Thursday, March 27, 2014

Brother and Sister Oil

Eric and Anne
The oil boom and ensuing oil bust of the 70s and 80s is long past and seems almost like a dream to me now. I can recount stories about the period for hours, some of them funny and some of them sad, and I still chuckle about one that happened to my then wife Anne and me.

Anne was an oil and gas accountant – a damn good oil and gas accountant. She and I formed a small oil company and began drilling wells. I love the oil business, but Anne was passionate about it. She poured her heart and soul into our company, and I guess so did I.

Caught up inextricably in the bust, we both fought to keep our floundering company. We began a quest for a “white knight,” or at least a responsive banker. Alas, we found neither, but we had a few adventures along the way.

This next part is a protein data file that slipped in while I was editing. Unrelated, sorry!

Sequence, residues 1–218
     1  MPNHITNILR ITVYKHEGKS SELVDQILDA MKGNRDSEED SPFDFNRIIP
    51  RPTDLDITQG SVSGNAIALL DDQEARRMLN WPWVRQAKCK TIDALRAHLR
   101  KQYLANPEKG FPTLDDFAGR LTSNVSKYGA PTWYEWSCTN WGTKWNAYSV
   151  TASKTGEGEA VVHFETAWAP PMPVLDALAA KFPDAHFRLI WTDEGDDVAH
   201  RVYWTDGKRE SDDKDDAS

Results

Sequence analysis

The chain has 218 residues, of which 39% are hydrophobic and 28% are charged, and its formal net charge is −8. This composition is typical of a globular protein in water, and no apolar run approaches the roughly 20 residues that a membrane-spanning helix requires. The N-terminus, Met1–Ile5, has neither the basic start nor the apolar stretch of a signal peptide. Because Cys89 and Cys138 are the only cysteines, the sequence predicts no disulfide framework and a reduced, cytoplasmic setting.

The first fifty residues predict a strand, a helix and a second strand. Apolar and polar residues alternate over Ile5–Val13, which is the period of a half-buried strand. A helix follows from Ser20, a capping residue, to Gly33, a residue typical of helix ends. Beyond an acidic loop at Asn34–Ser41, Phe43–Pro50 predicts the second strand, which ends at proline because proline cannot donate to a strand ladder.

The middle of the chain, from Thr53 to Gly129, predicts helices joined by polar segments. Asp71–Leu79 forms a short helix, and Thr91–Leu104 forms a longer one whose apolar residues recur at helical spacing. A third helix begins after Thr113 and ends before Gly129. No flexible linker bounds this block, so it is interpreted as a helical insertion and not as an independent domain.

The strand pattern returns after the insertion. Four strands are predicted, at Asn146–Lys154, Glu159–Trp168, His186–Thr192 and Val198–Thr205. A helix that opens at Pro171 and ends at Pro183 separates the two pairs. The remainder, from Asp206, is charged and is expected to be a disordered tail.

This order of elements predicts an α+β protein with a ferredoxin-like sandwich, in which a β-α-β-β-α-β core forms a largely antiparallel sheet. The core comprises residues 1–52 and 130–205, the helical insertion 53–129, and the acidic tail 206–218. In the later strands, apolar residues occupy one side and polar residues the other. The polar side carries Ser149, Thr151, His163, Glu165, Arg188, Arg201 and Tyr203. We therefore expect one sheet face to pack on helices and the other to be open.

I have often heard that people that live together for a long time begin to look alike. If this is true then Anne and I were identical twins. Why? Because we were together twenty-four hours every day, and we both had reddish-blonde hair.

As Oklahoma oil companies began crashing Anne and I traveled the country looking for a friendly banker. We thought we had found a home with a bank in Los Angeles. On a trip there, we pitched our company, and our souls. The banker, a large man with long hippy hair, a longish beard and John Lennon glasses, listened to our fervent plea with a jolly Santa Claus smile on his large face.

“I’m curious,” he said when we finished our presentation. “How did a brother and sister happen to start an oil company together?”

Neither Anne nor I had a satisfactory response and it didn’t truly matter as his inane remark gave us the answer to the question we had just spent an hour asking.

We never found our white knight, or our friendly banker. Like so many companies during the 80s oil bust, we went belly-up. Yes, the bust is long past and seems almost like a dream to me now. Some of the stories were funny but many, so many, I keep buried deep in my mind until moments such as now when they come bubbling up painfully to a surface still foaming with crushed emotion.

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